Through extensive research of formal group functions, this article aims to define the key determinants in the success of a formal group, while also outlining the factors influencing group behaviour. This will be discussed in relation to two management theories: scientific management or behavioural science theory.
Through pinpointing the fundamental principles of scientific management, it is clear that this theory of management was not geared towards the study of organisational groups, but rather as a method of making organisations and workers as efficient as possible through defining the ‘one best way’ for a job to be done (Robbins et al, 2012). The theory, created by Frederick Winslow Taylor, centralises around creating machine-like precision in both workers and management in order to increase efficiency and profitability (Bell & Martin, 2012). This can be seen through his observations in time and motion studies focusing on how long it took workers to perform an operation, the types of work materials they used, methods to help each worker optimise their personal level of productivity, and techniques for achieving efficient division of labour (Bell & Marin, 2012). Furthermore, Taylor developed four central principles of Scientific Management outlined as: develop a science for each element of an individual’s work with efficient methods for all to follow, scientifically select workers with skills and abilities that match each job and train them in the most efficient way to accomplish each task, ensure cooperation through incentives and provide the work environment that reinforces optimal work results in a scientific manner, and divide responsibility for managing and working, while supporting individuals in work groups doing what they do best (Robbins et al, 2012). These principles, combined with his theory of monetary motivation being the ultimate way to motivate workers (Brogan, 2011), illustrates the manner by which Scientific Management Theory is more individualistic in nature, rather than aiding in the study of group functioning and success. That is not to say that these principles cannot be applied in a formal group situation, but rather the suitability of Scientific Management in relation to the study of groups is less relevant when compared to the concepts and ideals of the following Behavioural Science Theory.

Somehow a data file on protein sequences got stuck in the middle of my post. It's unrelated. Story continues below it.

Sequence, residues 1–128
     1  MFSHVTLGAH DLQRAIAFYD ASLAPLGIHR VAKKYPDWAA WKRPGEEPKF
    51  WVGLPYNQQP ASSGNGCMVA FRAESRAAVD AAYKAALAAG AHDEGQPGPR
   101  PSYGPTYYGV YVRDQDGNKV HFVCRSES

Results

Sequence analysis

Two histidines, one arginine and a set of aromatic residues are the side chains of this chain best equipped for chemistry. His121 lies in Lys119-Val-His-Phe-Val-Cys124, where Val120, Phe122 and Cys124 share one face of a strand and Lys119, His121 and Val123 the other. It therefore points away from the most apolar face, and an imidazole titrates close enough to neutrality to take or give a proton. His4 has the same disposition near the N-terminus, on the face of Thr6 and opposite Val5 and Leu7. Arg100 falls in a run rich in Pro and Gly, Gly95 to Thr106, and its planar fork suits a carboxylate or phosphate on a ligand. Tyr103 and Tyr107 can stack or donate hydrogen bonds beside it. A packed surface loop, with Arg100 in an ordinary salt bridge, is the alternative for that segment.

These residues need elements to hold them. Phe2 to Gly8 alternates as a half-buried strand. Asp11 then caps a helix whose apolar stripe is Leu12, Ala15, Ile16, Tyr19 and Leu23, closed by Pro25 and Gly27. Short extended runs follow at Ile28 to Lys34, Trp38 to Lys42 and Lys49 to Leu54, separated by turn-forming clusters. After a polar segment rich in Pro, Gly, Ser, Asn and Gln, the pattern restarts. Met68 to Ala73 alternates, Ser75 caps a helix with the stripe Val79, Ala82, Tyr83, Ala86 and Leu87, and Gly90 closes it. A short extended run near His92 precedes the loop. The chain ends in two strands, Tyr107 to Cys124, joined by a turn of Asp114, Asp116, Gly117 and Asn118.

Behavioural Science Theory is a study of organisational behaviour whereby theorists rely on objective research of human behaviour in organisations (Robbins et al, 2012). This approach has been paramount in shaping the way today’s organisations design motivating jobs, how they work with employee teams, the ways in which they use open communication channels and current theories on motivation, leadership, group behaviour and development (Robbins et al, 2012). Because of the theory’s roots originating in the field of social science, the fundamental assumptions of the theory centralise around the behaviour of the individual and their interactional style with others. The assumptions can be defined as: individuals are inherently good and infinitely perfectible, people are positively motivated towards others and favour cooperative behaviour, interpersonal harmony is preferred over conflict, and there is an individual desire for a degree of social control or order within any collection of people (Mailick & Stumpf, 1998). It is because of these foundational concerns that it is clearly evident that Behavioural Science Theorists would be more in favour of using groups to accomplish organisational tasks, and with this in mind it is now possible to explore the factors influencing group behaviour and success.